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Category: Living with TBI

  1. Social Support after Traumatic Brain Injury in Manchester

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    Social support in Manchester for people with traumatic brain injury | Head Forward Centre

    Following a traumatic brain injury, social isolation is a common occurrence. At Head Forward Centre, we address the problem of social isolation after traumatic brain injury by offering activities which encourage social integration.

    A few years ago, research carried out at Head Forward Centre identified three major issues TBI survivors need to deal with: 

    • disruption to their social life by losing old friends
    • difficulty in making new friends and
    • difficulty in establishing relationships with others in a similar position.

    Attending the sessions we offer at Head Forward Centre can help with each of those issues. Every Tuesday, Thursday and Friday we engage in various social activities in the centre, group crosswords and anagrams, board games and discussions. We also share a meal together in a welcoming and calming environment where our attendees report being able to feel like themselves when they're at our centre. 

    We accept referrals from social workers, case managers, caregivers, friends and family from people living with TBI themselves. We charge £30 per day for a full day session - contact us today to make a referral. 

  2. 13 Helpful and Free Apps for People with Brain Injury in the UK

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    These days we rely on apps for everything from booking flights to ordering groceries and communicating with friends.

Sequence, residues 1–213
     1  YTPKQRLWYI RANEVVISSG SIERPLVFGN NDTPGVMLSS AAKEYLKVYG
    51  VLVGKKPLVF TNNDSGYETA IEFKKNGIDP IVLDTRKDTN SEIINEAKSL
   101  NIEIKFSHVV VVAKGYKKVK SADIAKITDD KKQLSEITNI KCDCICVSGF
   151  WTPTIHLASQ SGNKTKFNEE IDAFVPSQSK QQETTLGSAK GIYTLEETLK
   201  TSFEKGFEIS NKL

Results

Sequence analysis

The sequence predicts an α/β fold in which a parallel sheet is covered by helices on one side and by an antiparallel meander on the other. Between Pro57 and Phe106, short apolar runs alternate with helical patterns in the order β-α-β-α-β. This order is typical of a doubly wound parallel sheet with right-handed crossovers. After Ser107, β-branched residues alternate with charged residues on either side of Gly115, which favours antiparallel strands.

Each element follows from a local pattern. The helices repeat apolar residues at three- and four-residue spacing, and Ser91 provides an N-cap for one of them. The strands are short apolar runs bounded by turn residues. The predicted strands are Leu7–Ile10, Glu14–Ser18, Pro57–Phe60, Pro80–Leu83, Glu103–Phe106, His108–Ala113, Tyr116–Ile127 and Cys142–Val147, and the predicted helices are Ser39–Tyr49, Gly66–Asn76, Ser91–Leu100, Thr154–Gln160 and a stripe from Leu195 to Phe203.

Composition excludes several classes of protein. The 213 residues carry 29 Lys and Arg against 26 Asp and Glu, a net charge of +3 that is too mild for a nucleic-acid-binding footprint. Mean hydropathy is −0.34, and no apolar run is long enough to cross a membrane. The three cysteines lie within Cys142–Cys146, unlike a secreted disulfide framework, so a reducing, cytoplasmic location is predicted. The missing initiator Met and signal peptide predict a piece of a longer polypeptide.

13 helpful apps for people living with brain injury in the UK | Head Forward

    Phone apps are brilliant for keeping us organised and helping to address problems or difficulties we face. Here is a list of handpicked apps useful for people living with a brain injury in the UK. Some of the apps have been proven to be especially helpful for people with brain injury. 


    ABIWise is the only app made by people with a brain injury for people with a brain injury.

    Available on iOS and Android.


    AccessNow sharing accessibility information about places around the world. Search for specific places like a restaurant, hotel or store, or browse the map to see what is nearby with the accessibility features you require. If info isn’t already on our map, you can add it yourself and contribute to our worldwide community. Filter the map by category and tags and find the access that you need now.

    Available on iOS and Android.

    Android Accessibility Suite

    Android Accessibility Suite (formerly Google Talkback) is an accessibility feature. Its goal is to help the visually impaired navigate their devices. These features come built in with virtually every version of Androidand can be activated in the Settings menu. The app will then help the visually impaired interact with their devices. It's fairly basic, but effective. It adds things like vibration, spoken, and audible feedback.

    Available on Android.


    Listen to books on your mobile device at home or on the go. Perfect if you have trouble staying focused while reading or if you retain information better by listening.

    Available on iOS and Android.

    Be My Eyes